Being Jason Kenney is the worst job in politics today – fr

Being Jason Kenney is the worst job in politics today – fr

OTTAWA – As former Alberta Premier Ralph Klein said, the secret to being a successful politician is figuring out which way the parade is going and jumping in front of it.

So spare a little pity for current Prime Minister Jason Kenney as he tries to ride two bands of public opinion, who are on a bad collision course over his handling of the pandemic.

In short, Kenney fails dramatically in every direction he has turned – and the result has been the fastest growing infection outbreak in North America, coupled with Canada’s strongest public revolt against the overdue restrictions aimed at curbing the epidemic.

It is a particularly delicate undertaking bordering on the impossible mission of governing Alberta even in the good times, when voters are happiest with the least government in their lives.

As one rural MP noted many years ago, “my parents think painting a yellow stripe in the middle of the highway is too much government interference.”

But mix an oil industry collapse with lockdowns that kill businesses and hospitals near breaking point and you create the perfect storm of angry opposition.

The closure of businesses, schools and rodeos has sparked outrage and challenge in rural areas, where COVID-19 is not spreading as quickly.

But listening to cries from the rural grassroots of the United Conservative Party to go slowly on the restrictions, the Kenney government has infuriated cities where soaring third wave infection rates are overwhelming intensive care units.

Kenney’s challenge has been complicated by an internal revolt by his own MPs, some still battered by the absorption of the Wild Rose Party to create the United Conservatives of Progress, who have taken a very public stance against restrictions they deem excessive .

During a lengthy press conference on Wednesday, a tired-eyed Kenney ignored internal dissent as a welcome exercise in Democratic debate.

Sorry, but attacking public health measures designed to save lives is not on the agenda and Kenney really needs to send a clear signal, it is not tolerated with one or two expulsions of mutineers.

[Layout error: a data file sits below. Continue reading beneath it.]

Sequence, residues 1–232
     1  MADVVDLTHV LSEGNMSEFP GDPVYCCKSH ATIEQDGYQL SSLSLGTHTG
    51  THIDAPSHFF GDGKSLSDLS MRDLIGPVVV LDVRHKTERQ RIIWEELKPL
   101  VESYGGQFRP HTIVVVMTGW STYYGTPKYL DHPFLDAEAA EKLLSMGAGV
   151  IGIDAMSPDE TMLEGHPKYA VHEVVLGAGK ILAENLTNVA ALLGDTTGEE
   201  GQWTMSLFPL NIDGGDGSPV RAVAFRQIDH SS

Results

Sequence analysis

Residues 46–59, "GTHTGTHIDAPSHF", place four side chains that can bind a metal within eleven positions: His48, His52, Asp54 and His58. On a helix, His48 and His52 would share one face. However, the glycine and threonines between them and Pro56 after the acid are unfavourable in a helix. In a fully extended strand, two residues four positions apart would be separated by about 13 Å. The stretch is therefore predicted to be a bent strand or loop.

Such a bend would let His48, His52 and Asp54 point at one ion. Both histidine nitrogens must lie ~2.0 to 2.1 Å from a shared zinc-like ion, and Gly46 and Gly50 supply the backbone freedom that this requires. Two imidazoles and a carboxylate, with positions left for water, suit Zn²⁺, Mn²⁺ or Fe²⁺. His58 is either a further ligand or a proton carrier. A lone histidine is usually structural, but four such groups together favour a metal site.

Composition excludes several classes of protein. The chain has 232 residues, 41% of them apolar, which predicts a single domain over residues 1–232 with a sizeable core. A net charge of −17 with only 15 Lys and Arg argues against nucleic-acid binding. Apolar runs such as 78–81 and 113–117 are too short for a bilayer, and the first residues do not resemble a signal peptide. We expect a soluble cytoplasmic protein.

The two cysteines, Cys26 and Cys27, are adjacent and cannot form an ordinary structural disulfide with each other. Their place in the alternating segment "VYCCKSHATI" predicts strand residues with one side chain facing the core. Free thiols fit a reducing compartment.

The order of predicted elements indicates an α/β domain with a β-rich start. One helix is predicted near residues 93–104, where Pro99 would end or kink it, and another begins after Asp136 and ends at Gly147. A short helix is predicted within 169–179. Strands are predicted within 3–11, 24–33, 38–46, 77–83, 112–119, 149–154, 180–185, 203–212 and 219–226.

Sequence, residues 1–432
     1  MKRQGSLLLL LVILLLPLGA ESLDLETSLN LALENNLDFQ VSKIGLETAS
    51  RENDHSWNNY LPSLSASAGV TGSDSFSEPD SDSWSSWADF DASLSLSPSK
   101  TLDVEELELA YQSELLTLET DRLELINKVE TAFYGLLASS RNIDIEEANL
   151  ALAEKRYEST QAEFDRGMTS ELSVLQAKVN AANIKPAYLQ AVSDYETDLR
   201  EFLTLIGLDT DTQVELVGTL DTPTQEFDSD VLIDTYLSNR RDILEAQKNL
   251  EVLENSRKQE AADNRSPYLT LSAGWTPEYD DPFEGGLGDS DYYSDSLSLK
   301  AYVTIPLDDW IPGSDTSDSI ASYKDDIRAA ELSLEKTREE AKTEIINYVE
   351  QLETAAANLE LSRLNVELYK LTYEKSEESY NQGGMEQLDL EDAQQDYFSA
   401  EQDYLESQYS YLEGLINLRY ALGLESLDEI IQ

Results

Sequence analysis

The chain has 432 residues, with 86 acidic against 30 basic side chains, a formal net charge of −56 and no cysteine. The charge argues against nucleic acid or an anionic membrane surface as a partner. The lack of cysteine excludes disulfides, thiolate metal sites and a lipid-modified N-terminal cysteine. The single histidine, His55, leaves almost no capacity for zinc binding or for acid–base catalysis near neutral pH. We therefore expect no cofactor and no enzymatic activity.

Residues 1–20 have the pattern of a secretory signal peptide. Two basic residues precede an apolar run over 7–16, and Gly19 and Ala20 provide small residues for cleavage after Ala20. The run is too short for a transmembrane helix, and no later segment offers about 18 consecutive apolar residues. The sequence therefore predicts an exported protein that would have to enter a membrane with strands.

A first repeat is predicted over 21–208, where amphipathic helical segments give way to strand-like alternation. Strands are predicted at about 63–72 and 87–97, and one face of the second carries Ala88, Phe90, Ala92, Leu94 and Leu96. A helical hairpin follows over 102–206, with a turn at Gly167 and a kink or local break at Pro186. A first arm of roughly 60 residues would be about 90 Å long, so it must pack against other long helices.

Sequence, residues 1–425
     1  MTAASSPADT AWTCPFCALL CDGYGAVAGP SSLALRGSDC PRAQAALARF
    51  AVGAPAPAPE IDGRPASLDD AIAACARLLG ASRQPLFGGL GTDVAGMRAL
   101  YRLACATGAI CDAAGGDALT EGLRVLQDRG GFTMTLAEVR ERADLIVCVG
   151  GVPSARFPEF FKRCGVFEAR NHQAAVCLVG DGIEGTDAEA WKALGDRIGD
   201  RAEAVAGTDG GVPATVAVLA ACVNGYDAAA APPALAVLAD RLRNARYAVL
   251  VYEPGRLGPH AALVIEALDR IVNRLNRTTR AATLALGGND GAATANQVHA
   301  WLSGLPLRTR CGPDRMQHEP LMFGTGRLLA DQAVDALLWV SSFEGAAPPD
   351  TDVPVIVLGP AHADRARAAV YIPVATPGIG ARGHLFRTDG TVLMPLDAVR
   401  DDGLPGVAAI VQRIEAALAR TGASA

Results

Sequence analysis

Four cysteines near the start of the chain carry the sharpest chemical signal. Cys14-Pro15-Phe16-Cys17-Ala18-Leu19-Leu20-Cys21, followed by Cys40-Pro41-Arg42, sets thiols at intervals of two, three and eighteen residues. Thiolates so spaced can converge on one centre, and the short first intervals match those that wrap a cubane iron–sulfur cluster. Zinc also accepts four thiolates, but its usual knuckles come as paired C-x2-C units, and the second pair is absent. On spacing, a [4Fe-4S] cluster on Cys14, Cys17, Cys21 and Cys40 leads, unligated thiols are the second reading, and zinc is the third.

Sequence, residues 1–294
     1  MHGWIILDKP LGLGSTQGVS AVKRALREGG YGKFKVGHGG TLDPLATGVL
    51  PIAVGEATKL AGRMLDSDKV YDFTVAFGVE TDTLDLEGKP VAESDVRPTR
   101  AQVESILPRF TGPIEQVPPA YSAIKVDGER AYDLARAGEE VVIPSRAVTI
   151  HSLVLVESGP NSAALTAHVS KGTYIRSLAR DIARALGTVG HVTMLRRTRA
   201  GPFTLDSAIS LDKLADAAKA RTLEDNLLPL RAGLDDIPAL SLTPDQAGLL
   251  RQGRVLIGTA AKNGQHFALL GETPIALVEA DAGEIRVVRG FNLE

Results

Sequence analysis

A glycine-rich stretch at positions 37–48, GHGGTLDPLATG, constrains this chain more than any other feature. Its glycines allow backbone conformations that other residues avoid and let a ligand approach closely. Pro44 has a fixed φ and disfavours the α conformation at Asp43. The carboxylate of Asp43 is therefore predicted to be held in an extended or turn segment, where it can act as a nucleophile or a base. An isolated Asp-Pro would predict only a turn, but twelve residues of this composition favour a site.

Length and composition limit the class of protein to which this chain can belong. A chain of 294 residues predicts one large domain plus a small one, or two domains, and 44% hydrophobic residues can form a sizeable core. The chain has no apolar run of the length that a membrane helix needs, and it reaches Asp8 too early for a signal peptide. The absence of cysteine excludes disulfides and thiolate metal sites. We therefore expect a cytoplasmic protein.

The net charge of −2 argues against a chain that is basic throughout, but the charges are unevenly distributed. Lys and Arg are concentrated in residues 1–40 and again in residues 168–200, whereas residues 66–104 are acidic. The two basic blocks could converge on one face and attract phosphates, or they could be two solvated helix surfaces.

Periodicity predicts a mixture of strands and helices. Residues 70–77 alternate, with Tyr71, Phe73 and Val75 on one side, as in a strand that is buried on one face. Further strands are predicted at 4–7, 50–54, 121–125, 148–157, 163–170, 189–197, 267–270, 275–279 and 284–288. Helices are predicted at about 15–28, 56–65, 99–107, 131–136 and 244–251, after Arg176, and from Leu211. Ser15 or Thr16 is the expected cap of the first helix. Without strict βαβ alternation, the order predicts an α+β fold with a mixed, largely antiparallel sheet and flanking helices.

I digress.

The point is, in the past few weeks alone, Premier Kenney has simultaneously infuriated the entire province, divided his own party, and created the continent’s worst health crisis. This is a rather dubious achievement.

And the situation will worsen when the three weeks of tighter restrictions end just when Kenney predicts the hospital system will buckle if the number of cases continues to skyrocket. In other words, the lockdown will be extended.

All of this, unsurprisingly, cratered his party and his personal popularity in the polls.

The latest follow-up from THQ pollster Marc Henry got Kenney’s approval ratings plummeting to levels rarely seen in truly blue Alberta amid clear signs of an NDP government on the return.

“While the current accelerated decline in support for Kenney and his government continues on this trajectory through the summer and into the fall, his position as leader of a party that is approaching an election in 2023 could be untenable, ”Henry told me on Wednesday.

There is personal blame for this mess to be borne by Kenney.

Whispers from knowledgeable sources say he mostly listens to himself or a small group of senior executives about the pandemic and other policies to the exclusion of experts and his own MPs.

And by flipping the locks switch on and off, being slow to act when there should have been forceful action, and tolerating backstabbing from his own side of the legislature, Kenney often gives the appearance of a hesitant gopher trapped on the Trans-Canada Highway.

Now, to be fair, congratulate Alberta for taking the right direction on several pandemic fronts.

The new restrictions correspond to most of the other hard-hit provinces and should, if the public respects them, reverse the increase.

The vaccination surge in places like meat packing plants is perfect, if not late.

And being the first province to open up vaccination to anyone over the age of 12 starting Monday is a bold step to return to a new normal.

For most prime ministers, the pandemic has proven to be a soul-destroying exercise, which was unimaginable when they applied for the job. There is no precedent. There is no playbook. And every sign of hope for a way out is swept away by the next wave.

But for the generally cautious Jason Kenney, trying to juggle a rural support base with an urban outbreak of infection has been particularly toxic.

The only parade he appears to be leading is straight into the jaws of electoral defeat.

This is the essential.


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